Racing is incredibly demanding when it comes to tire performance. Manufacturers must blend traction, grip, and durability to create a winning formula. Tire manufacturers use racing to design new tread patterns that can help cars maintain traction in the wettest conditions, rubber compounds that maintain grip at extreme temperatures, and tire core designs that can take more abuse in an hour than most tires will endure in a lifetime. Whether it’s a Formula One tire that can pump hundreds of gallons of water per minute off of its surface, or a Kevlar-lined rally tire that resists rock punctures, much of the tire technology researched in racing trickles down to average consumers.
5. All-Wheel Drive
AWD provides more control on slippery surfaces in passenger cars as well as when racing. All-wheel-drive came with high-performance cars that used all four wheels to transfer the engine’s power to the pavement, like the original Audi Quattro rally car. Fiat SpA’s legendary Lancia Delta Integral Group B rally car further popularized AWD for performance cars in the 1980s. If you look around today, all-wheel drive is available on almost every automobile.
4. Traction Control And Antilock Brakes
Traction control and Anti-Lock brake systems were banned from Formula 1 in 1994, but that does not mean there was never testing and developing of these systems. As early as 1960 the Ferguson P99 all-wheel drive car used a mechanical Anti-Lock system. Anti-lock brake systems decrease braking distance in many cases and are standard equipment on cars in the United States since 2011. Anti-lock brakes keep the brakes from locking, while traction control allows drivers to accelerate without spinning out in turns and slick weather conditions.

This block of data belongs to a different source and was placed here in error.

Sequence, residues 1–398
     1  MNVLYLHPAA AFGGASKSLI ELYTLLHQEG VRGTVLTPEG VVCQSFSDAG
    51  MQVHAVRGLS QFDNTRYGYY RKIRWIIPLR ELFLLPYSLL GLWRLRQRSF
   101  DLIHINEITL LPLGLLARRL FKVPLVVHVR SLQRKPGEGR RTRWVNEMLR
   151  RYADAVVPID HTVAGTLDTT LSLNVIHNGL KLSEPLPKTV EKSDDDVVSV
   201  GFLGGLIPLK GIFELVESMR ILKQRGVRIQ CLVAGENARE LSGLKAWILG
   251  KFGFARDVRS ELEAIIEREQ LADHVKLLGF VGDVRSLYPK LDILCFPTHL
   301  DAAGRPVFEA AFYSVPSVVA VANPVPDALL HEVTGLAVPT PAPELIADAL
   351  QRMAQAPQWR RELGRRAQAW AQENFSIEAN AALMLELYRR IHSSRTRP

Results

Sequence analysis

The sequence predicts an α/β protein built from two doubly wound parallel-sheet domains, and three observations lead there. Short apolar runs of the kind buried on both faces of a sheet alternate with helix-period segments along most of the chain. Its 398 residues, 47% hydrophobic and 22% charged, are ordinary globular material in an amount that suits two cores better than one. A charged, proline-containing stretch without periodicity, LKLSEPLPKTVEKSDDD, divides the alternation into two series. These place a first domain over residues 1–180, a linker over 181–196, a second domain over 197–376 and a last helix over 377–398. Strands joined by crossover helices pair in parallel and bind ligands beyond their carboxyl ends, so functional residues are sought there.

Your car's handling is one of the foundations of its safety, and a lot of that lies in the suspension. Production car suspensions have evolved almost directly from racecars. Cars perform better when all the tires are in contact with the ground, so they have to be able to move independently of the other wheels as you drive over bumps, potholes, and other uneven surfaces. Two kinds of independent suspensions that were developed for racecars are the multi-link suspension (which started in Formula 1 cars and is ideal for off-road driving) and MacPherson struts (which originated in NASCAR vehicles). As for modern suspensions, you can thank Ayrton Senna and Lotus, whose 1987 Formula One car used a computer-controlled active suspension system that adjusted to changing track conditions. While such systems have been banned from the series today, you can buy cars and trucks for the street that employ the same technology.
2. Head And Neck Restraints
Porsche knew from experience in racing that headrests helped keep the driver in the seat and able to drive more efficiently. As early as 1950, the company was supplying 356 passenger cars with headrests. Optional head restraints began appearing on North American cars in the late 1960s, and were mandated by the U.S. National Highway Traffic Safety Administration (NHTSA) in all new cars sold in the U.S. after 1 January 1969. The trend continues as sanctioning bodies like Formula One requires data boxes that record impact measurements in collisions and use that information to prevent injuries.
1. Crumple zones
Crumple zones work by managing the energy of a car crash. Force redistribution protects the car's occupants against injury. This is achieved by a controlled weakening of sacrificial outer parts of the car. Many of the Formula and Indy cars look fragile when wrecking as parts explode from the cars, but the parts coming off the car are designed to break and fall off. They are made to break loose to absorb the energy before it is transferred to the driver in the rigid safety cage. This technology is a part of passenger car safety today, with crumple zones and other areas of the car that are designed to shear loose on impact.